Despite all that, the mini-batch gradient descent algorithm has some downsides too. It needs a hyperparameter that is “mini-batch-size”, which needs to be tuned to achieve the required accuracy. Although, the batch size of 32 is considered to be appropriate for almost every case. Also, in some cases, it results in poor final accuracy. Due to this, there needs a rise to look for other alternatives too.

The adaptive gradient descent algorithm is slightly different from other gradient descent algorithms. This is because it uses different learning rates for each iteration. The change in learning rate depends upon the difference in the parameters during training. The more the parameters get changed, the more minor the learning rate changes. This modification is highly beneficial because real-world datasets contain sparse as well as dense features. So it is unfair to have the same value of learning rate for all the features. The Adagrad algorithm uses the below formula to update the weights. Here the alpha(t) denotes the different learning rates at each iteration, n is a constant, and E is a small positive to avoid division by 0.

The benefit of using Adagrad is that it abolishes the need to modify the learning rate manually. It is more reliable than gradient descent algorithms and their variants, and it reaches convergence at a higher speed.

One downside of the AdaGrad optimizer is that it decreases the learning rate aggressively and monotonically. There might be a point when the learning rate becomes extremely small. This is because the squared gradients in the denominator keep accumulating, and thus the denominator part keeps on increasing. Due to small learning rates, the model eventually becomes unable to acquire more knowledge, and hence the accuracy of the model is compromised.

RMS prop is one of the popular optimizers among deep learning enthusiasts. This is maybe because it hasn’t been published but is still very well-known in the community. RMS prop is ideally an extension of the work RPPROP. It resolves the problem of varying gradients. The problem with the gradients is that some of them were small while others may be huge. So, defining a single learning rate might not be the best idea. RPPROP uses the gradient sign, adapting the step size individually for each weight. In this algorithm, the two gradients are first compared for signs. If they have the same sign, we’re going in the right direction, increasing the step size by a small fraction. If they have opposite signs, we must decrease the step size. Then we limit the step size and can now go for the weight update.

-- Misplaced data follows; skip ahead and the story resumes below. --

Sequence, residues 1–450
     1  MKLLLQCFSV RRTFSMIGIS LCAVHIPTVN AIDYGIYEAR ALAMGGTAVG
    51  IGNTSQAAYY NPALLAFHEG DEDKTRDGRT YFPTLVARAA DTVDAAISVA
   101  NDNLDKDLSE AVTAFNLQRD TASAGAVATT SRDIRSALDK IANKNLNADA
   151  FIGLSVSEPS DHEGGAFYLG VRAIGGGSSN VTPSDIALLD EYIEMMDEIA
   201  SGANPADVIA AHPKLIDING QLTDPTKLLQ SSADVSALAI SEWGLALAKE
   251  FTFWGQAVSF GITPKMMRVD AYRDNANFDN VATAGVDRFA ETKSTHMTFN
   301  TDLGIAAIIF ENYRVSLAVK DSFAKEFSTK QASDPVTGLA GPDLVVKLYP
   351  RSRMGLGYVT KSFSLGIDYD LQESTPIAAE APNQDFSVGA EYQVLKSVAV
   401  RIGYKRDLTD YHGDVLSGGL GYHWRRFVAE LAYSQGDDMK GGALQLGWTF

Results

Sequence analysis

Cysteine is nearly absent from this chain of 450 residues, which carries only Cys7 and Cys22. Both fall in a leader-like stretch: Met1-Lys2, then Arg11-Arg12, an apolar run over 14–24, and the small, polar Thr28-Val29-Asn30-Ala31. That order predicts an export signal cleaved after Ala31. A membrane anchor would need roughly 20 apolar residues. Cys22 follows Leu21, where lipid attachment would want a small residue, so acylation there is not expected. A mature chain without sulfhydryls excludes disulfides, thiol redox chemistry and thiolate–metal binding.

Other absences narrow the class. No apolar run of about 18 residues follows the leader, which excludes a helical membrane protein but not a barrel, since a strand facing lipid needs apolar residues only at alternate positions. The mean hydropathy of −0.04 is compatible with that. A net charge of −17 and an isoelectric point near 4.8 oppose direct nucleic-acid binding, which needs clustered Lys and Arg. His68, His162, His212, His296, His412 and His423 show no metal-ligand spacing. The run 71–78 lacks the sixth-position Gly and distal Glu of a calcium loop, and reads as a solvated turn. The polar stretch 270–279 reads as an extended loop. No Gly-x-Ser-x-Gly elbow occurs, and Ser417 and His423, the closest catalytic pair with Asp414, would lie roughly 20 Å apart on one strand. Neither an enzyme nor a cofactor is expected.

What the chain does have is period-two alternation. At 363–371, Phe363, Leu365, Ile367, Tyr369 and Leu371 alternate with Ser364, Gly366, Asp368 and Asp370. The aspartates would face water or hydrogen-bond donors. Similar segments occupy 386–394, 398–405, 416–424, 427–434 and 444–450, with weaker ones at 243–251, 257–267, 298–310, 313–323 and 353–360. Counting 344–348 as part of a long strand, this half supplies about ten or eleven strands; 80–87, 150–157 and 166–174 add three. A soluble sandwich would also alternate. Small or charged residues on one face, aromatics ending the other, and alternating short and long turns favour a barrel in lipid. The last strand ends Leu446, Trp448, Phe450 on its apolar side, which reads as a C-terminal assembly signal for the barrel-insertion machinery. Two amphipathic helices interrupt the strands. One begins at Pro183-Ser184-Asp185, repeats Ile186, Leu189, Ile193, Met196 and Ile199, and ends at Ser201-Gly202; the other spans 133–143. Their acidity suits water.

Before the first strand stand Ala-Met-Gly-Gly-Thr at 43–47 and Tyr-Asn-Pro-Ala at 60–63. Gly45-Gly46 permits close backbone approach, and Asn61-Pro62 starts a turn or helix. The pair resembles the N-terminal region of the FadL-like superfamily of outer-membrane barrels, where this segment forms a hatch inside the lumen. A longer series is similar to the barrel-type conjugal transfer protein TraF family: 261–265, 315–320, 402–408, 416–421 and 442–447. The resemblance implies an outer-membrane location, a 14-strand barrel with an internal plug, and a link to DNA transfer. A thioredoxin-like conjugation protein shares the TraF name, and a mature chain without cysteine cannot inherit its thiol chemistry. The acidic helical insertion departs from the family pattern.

The problem with RPPROP is that it doesn’t work well with large datasets and when we want to perform mini-batch updates. So, achieving the robustness of RPPROP and the efficiency of mini-batches simultaneously was the main motivation behind the rise of RMS prop. RMS prop is an advancement in AdaGrad optimizer as it reduces the monotonically decreasing learning rate.

The algorithm mainly focuses on accelerating the optimization process by decreasing the number of function evaluations to reach the local minimum. The algorithm keeps the moving average of squared gradients for every weight and divides the gradient by the square root of the mean square.

where gamma is the forgetting factor. Weights are updated by the below formula

In simpler terms, if there exists a parameter due to which the cost function oscillates a lot, we want to penalize the update of this parameter. Suppose you built a model to classify a variety of fishes. The model relies on the factor ‘color’ mainly to differentiate between the fishes. Due to this, it makes a lot of errors. What RMS Prop does is, penalize the parameter ‘color’ so that it can rely on other features too. This prevents the algorithm from adapting too quickly to changes in the parameter ‘color’ compared to other parameters. This algorithm has several benefits as compared to earlier versions of gradient descent algorithms. The algorithm converges quickly and requires lesser tuning than gradient descent algorithms and their variants.

The problem with RMS Prop is that the learning rate has to be defined manually, and the suggested value doesn’t work for every application.

AdaDelta can be seen as a more robust version of the AdaGrad optimizer. It is based upon adaptive learning and is designed to deal with significant drawbacks of AdaGrad and RMS prop optimizer. The main problem with the above two optimizers is that the initial learning rate must be defined manually. One other problem is the decaying learning rate which becomes infinitesimally small at some point. Due to this, a certain number of iterations later, the model can no longer learn new knowledge.

To deal with these problems, AdaDelta uses two state variables to store the leaky average of the second moment gradient and a leaky average of the second moment of change of parameters in the model.

Here St and delta Xt denote the state variables, g’t denotes rescaled gradient, delta Xt-1 denotes squares rescaled gradients, and epsilon represents a small positive integer to handle division by 0.